I’m heading for a bit of a glorious conclusion with the book. I’ve literally just finished reading it to C, a process I really enjoyed … and which she seemed to persevere without too many moans. The good news is she liked it, and I managed to find a number of edits which I had previously missed. I know I may have said this before, but it’s a helluva thing, you know. Writing a book. More so, five of them. I follow a number of authors on Twitter and Instagram and so many of then are wrapped in self-doubt; many unable to finish their work. I see many five-star reviews posted by authors who are beside themselves with getting a decent review here and there. I know that the odd 5-star review does not translate into selling many books, so I have no idea how they manage to pay the bills if writing is the only thing they do. I suspect many hold down a second and a third job.
In that respect I am very lucky. We have set ourselves up so that I can just write – although, as you know, I do some work in schools. And I do get a lot of five-star reviews. I don’t mean to be boastful, but I have nearly 400 reviews on Amazon and Goodreads with an average rating of 4.2. I think that is good. But, like my fellow authors I don’t make anywhere near enough money selling books to live off. And whilst I’ve every intention of marketing hard in the autumn, I suspect I will never sell more than about 500 books a year. We shall see.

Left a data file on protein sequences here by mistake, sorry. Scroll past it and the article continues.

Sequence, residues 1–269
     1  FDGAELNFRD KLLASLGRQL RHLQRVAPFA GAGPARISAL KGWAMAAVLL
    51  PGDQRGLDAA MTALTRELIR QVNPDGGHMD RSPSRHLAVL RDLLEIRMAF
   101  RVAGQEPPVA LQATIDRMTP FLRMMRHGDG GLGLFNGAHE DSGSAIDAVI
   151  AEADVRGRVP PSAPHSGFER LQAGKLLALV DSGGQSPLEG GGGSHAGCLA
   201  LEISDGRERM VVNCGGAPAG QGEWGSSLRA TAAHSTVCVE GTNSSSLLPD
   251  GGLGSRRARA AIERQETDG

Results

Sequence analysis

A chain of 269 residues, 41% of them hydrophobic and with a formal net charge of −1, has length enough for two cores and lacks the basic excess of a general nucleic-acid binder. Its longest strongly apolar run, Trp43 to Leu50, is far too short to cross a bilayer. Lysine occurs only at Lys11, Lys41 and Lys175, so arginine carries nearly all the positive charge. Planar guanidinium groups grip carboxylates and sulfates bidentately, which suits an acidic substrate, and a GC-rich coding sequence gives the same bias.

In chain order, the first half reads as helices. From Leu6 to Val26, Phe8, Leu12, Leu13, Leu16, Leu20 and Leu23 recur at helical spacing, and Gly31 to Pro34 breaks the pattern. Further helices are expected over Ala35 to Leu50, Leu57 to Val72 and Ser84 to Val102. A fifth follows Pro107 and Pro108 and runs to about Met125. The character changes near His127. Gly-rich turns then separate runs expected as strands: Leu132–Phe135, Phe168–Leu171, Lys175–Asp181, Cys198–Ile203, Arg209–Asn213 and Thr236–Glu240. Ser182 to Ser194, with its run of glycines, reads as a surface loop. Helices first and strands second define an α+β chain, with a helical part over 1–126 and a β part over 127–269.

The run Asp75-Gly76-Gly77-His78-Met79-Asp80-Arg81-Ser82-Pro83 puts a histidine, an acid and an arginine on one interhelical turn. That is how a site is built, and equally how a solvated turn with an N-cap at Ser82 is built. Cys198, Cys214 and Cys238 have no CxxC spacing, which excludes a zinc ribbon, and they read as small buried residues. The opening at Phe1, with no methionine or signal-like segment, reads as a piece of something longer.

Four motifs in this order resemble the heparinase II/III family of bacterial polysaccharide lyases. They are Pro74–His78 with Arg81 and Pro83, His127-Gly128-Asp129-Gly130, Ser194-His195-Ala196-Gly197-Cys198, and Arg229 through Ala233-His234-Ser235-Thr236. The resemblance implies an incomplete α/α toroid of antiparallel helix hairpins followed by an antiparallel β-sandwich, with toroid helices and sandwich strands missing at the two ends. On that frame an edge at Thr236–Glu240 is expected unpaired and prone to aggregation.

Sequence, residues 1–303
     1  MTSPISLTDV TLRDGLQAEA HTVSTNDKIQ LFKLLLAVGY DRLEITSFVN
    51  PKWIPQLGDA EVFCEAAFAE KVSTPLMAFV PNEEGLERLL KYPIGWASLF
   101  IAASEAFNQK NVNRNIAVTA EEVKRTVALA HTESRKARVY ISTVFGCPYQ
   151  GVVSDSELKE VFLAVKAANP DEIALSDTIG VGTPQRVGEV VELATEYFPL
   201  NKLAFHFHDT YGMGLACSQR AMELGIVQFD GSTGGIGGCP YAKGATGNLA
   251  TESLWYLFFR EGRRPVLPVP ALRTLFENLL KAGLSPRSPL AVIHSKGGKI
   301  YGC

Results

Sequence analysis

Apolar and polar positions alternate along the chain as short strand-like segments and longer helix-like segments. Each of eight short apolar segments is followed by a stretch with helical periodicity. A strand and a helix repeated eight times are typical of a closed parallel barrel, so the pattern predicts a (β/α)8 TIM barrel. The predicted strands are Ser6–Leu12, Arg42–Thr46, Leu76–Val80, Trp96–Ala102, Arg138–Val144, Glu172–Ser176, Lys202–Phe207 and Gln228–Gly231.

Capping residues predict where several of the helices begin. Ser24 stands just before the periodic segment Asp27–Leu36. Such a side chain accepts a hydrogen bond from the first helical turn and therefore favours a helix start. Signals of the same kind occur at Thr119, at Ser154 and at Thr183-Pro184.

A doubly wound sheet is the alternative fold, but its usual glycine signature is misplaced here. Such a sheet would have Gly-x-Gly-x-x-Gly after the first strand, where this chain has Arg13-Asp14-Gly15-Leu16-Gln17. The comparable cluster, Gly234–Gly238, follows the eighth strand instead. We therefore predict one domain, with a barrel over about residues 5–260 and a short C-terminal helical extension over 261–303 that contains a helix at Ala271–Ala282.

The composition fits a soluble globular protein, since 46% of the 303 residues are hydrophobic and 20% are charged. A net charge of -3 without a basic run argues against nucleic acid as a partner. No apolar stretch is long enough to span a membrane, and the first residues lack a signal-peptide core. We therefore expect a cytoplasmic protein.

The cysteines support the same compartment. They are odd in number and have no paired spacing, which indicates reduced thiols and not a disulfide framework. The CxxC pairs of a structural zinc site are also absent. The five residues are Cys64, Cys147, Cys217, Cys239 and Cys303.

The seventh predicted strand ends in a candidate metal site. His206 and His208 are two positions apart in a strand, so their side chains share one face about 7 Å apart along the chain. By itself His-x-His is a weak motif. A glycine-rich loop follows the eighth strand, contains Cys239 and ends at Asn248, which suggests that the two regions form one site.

Anyhow, as well as reading the script out loud I have been working on the worst of all jobs: the synopsis. This is a three-page resume of what happens and is never meant to be a pitch. Ignoring that, I started the synopsis of On The Back Foot To Hell like this:
On The Back Foot To Hell – Synopsis
This is a book about greed. And fear. It’s a book about tenacity. And mental health. In the end it’s a book that sees Sam Green, the unwilling star of four previous encounters with global antagonists, taken to the point from where she might never recover. It is more than a spy-thriller. It’s a story of PTSD. Of OCD and autism. It’s the story of a woman who has nothing left to live for, who finds herself at the point where even that is taken from her.
Doubtless, should I send it to an agent or publisher they won’t make it past the first paragraph, but as I’ve had no luck so far with anything other than self-publishing (OK, Fuelling The Fire was published by Kindle), what have I got to lose?
We’re a couple of days off from seeing Mum and Mary before we get on a plane to Korea. We should be excited … and we are. But since London it’s all been a bit of a blur. Doris has been in the doctors to get things sorted and we’ve been pottering about in ever decreasing circles seemingly achieving a lot, but on reflection, maybe not. Tomorrow is our last day at home and we’re not not completely sorted. I’m sure everything will be ok.
I’m sure it will …